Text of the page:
Mexico's Best Off-The-Grid Beaches

Emily Becker

Senior Contributor

As Mexico becomes a hotter tourist destination for international visitors, it's getting harder to experience that perfect moment when you realise you have the beach all to yourself. Well-known spots like Cozumel and Tulum both have some pretty spectacular resorts and beaches, but sometimes, you want to spend a vacation as unplugged and off-the-grid as possible. So, after you’ve already eaten your way through Playa del Carmen, seen the Mayan ruins of Tulum and are totally ready to hit vacation mode (that means putting your phone away and not thinking about all the work that’s waiting for you back home), head to one of these beautiful beaches that are dotted around like little hidden gems along Mexico’s coast.

Celestun, Yucatan

Just 60 miles southwest of Merida is Celestun, a quaint fishing village with lovely beaches and some pretty killer seafood restaurants close enough for a day trip, but you can’t go wrong with staying a couple of days in this place. The beach is perfect for a day relaxing or looking for shells, and there’s a small lighthouse nearby if you’re up for a little exploring. Make sure to spend one afternoon away from the beach and hire a boat to take you up the river to see the flamingo colonies. In order to protect the fragile ecosystem, you shouldn’t get too close to the birds, but it’s still worth the trip to admire them from afar.
flamingos at CELESten

Credit: Delbars

Troncones, Guerrero

Troncones is home to only about 500 people, and a little over 250km up the coast from Acapulco, the village boasts some of the best surfing beaches in the country. If you really want to unplug, spend some time at Present Moment, a boutique hotel and yoga retreat in the area. They also offer kayaking, hiking snorkelling and horseback riding tours as well as relaxing spa treatments that will leave you feeling 100% detoxed.

Horse riding on Troncones, Guerrero

Credit: David Paniagua Geurra

Xcalak, Quintana Roo

This small town on the coast is about as close as you can get to Belize while still technically being in Mexico. Xcalak is definitely off the beaten path and is full of white beaches and palm trees but very few tourists. You’ll want to spend some time in the water here as well. Some of the best snorkelling and diving in the country is found in the area, and at Chinchorro Bank, about an hour and a half off the coast, you’ll be treated to 30 miles of coral reefs and shipwrecks.
Beach in quintana roo

Bahia San Agustin, Oaxaca

The fine white sands and calm waters of its beaches have given Bahia San Agustin the reputation of being the best of the nine bays of Huatulco on the southern coast of Oaxaca. The bay is surrounded by rocky islands and cliffs, and the area’s two beaches, St. Augustine Island and Cacalutilla, are perfect for swimming, snorkelling, or just relaxing. You won’t find any all-inclusive resorts here, but you will find family-run beach shacks serving up fish tacos and ceviche and ice-cold cervezas.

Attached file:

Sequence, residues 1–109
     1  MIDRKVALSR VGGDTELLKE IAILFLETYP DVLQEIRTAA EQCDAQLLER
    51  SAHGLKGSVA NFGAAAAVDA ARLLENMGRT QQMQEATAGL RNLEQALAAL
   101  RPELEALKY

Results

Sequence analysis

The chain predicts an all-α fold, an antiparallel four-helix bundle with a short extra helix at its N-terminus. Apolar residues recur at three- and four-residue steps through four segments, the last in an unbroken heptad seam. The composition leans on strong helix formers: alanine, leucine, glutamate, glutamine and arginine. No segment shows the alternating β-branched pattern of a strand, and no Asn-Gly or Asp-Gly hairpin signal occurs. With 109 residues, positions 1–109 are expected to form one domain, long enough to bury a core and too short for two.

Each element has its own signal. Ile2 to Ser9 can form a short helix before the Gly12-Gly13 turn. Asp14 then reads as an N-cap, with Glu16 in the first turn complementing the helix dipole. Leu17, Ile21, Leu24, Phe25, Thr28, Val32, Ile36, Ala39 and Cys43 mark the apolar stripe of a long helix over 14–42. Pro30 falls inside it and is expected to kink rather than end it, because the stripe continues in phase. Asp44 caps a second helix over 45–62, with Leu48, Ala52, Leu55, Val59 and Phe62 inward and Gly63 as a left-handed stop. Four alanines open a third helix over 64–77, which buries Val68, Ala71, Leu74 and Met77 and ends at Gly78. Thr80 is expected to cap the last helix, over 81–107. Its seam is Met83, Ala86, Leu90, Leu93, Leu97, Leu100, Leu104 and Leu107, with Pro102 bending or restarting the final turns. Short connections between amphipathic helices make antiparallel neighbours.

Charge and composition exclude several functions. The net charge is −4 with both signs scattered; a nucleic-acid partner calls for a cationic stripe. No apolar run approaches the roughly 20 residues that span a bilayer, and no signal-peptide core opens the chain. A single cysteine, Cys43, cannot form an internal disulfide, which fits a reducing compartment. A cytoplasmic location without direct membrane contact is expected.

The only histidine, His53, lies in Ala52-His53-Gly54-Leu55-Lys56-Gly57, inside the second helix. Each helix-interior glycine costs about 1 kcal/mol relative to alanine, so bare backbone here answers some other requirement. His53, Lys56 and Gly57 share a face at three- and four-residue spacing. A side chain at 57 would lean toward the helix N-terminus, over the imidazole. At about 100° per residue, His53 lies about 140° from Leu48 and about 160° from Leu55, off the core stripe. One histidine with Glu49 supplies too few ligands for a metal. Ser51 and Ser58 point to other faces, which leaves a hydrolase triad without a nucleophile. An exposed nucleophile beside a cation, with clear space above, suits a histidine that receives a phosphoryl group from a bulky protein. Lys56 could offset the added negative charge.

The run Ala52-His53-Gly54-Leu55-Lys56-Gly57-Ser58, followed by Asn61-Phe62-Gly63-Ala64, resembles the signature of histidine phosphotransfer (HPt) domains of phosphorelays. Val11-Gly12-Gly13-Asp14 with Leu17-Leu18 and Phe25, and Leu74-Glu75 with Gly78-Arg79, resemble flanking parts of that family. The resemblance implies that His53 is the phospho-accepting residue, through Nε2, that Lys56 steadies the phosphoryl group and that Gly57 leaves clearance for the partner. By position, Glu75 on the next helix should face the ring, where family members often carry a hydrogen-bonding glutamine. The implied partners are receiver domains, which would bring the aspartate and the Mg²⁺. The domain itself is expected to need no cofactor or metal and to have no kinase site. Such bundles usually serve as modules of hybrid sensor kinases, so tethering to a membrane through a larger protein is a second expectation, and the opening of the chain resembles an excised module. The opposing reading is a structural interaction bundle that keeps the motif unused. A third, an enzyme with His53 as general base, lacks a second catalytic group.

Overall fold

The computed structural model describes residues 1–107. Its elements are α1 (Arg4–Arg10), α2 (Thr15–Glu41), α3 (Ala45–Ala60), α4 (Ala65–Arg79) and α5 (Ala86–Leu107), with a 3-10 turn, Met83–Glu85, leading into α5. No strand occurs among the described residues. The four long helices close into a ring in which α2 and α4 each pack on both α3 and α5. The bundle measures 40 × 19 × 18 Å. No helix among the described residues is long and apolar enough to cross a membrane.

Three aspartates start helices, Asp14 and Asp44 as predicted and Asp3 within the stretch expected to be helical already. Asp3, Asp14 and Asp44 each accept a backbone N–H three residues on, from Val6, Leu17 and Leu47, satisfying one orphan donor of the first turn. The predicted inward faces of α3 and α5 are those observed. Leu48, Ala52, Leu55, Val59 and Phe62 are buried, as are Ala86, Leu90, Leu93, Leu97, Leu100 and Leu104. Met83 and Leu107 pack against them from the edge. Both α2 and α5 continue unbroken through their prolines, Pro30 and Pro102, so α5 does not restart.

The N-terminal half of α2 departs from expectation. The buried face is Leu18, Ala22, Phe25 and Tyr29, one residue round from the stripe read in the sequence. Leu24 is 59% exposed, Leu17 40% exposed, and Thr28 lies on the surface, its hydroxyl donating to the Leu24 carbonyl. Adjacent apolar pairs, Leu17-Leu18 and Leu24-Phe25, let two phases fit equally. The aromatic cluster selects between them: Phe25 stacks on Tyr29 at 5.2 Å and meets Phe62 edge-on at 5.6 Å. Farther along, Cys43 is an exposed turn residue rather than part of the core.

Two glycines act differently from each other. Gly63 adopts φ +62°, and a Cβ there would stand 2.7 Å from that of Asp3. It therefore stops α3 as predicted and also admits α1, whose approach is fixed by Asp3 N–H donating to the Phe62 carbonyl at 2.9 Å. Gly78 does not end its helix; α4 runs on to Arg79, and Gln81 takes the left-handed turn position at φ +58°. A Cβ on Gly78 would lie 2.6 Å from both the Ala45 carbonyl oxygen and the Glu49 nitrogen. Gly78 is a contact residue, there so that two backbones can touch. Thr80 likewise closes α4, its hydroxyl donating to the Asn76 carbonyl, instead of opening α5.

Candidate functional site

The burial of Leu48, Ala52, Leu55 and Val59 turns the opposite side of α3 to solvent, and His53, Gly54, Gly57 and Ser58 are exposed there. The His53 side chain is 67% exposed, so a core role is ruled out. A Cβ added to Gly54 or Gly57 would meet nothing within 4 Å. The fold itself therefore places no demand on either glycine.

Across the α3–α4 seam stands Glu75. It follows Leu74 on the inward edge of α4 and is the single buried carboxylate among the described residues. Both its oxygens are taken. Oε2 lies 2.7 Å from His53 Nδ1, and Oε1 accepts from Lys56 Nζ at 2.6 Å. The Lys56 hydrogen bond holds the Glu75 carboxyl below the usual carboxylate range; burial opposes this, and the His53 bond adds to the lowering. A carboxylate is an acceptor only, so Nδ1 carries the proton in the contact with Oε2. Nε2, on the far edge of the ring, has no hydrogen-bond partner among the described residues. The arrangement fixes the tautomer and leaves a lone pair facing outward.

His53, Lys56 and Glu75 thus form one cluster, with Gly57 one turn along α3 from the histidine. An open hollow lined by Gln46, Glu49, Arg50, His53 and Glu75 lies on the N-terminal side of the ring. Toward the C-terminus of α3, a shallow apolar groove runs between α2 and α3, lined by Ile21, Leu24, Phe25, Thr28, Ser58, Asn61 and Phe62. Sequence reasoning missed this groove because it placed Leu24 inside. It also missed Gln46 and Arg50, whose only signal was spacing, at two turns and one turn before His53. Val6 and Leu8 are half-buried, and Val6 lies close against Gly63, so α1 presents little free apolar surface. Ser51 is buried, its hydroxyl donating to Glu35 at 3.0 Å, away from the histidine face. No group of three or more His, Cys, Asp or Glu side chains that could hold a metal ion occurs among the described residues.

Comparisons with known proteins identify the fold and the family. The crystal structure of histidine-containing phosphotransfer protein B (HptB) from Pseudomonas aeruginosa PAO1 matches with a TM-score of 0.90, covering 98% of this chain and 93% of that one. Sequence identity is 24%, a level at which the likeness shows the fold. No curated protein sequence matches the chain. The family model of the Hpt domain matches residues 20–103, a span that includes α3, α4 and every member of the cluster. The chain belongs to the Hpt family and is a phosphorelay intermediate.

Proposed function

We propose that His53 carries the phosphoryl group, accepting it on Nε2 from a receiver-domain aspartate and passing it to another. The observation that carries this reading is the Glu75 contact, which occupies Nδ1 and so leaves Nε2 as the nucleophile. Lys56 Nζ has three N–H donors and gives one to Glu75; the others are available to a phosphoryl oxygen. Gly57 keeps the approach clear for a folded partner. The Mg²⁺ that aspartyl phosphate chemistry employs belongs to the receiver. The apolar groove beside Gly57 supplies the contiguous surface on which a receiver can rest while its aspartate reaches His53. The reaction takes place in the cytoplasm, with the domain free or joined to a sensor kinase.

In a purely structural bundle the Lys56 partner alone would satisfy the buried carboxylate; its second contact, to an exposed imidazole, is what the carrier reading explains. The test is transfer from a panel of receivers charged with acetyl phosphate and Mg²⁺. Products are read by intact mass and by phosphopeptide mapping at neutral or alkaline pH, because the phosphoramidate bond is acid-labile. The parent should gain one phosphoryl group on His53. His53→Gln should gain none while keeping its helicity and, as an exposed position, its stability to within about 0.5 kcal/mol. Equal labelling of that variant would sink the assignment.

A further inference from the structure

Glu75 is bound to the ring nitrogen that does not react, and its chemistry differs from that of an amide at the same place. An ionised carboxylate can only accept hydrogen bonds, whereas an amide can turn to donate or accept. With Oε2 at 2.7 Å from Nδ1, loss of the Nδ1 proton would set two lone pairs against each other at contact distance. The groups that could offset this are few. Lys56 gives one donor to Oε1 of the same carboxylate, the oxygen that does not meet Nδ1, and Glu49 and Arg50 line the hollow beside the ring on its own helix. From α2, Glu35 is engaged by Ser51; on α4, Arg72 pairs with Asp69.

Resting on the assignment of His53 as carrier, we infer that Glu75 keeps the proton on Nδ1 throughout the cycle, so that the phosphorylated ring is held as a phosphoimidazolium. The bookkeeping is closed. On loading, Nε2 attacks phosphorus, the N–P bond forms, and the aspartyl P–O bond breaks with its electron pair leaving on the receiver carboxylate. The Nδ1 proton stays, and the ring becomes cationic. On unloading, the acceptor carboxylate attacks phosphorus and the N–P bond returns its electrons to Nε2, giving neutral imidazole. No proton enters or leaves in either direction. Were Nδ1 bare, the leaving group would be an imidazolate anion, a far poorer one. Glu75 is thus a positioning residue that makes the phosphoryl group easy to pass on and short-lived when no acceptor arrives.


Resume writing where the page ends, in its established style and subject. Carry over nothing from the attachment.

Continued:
Beach in Oaxaca

La Paz, Baja California Sur

Laid-back but also with many of the same amenities you would find in nearby Cabo San Lucas, La Paz is the best of both worlds. The small city is surrounded by the barren desert of the Baja Peninsula and is an oasis of restaurants, museums and beautiful architecture. The beaches in town are perfect for a day spent enjoying the sun and the surf, but make sure to book a day trip to Espíritu Santo National Park. A UNESCO World Heritage site, Espíritu Santo is full of inlets and cliffs of volcanic rock, and many tour companies offer kayaking and snorkelling trips to the area. It’s a short boat ride out to the national park from La Paz, and if you’re lucky, you might catch a glimpse of a humpback whale on the way.
La Paz, Baja California Sur

Playa del Caballo, Jalisco

South of Puerto Vallarta, Playa del Caballo is a secluded beach accessible by water taxi or by hiking from Boca de Tomatlan. Just before Playa las Animas along the coast, the area boasts palm trees and calm, blue-green water. There’s a small, boutique hotel near the beach, but besides that, it’s really only you, the sun and the waves.
Playa Del Caballo

Credit: rhfletcher

Isla Holbox, Quintana Roo

The secret of Isla Holbox has gotten out in recent years, but it’s still relatively easy to get lost in the natural beauty of the area. You can catch a ferry to the island from Chiquila or travel companies often have packages that include pickup from the airport in Cancun. Last year, CNN Travel called Holbox the “best barefoot beach” in Mexico, and it’s the perfect destination for those who really want to relax and enjoy the seemingly endless water. You can spend the afternoon biking around the 26-mile islands or snorkelling or kayaking through the mangrove forests of Yum Balam Nature Reserve, but Holbox is also the type of place where it’s perfectly OK to spend all day doing nothing.
Pier in Isla Holbox

Mazunte, Oaxaca

Recently named a “Pueblos mágicos” by Mexico's Secretariat of Tourism, Mazunte is pure magic, especially if you happen to visit on one of the nights when thousands of Olive Riley turtles fill the beaches to nest and lay eggs. (You can also always visit the Centro Mexicano de la Tortuga in town.) Days here are spent relaxing to the sound of the waves, but a hike out to Punta Cometa at sunset is a must before a night of dinner and drinks at one of the restaurants right on the beach.
Manzunte Beach Resort, Oaxaca

Credit: Goce la vida

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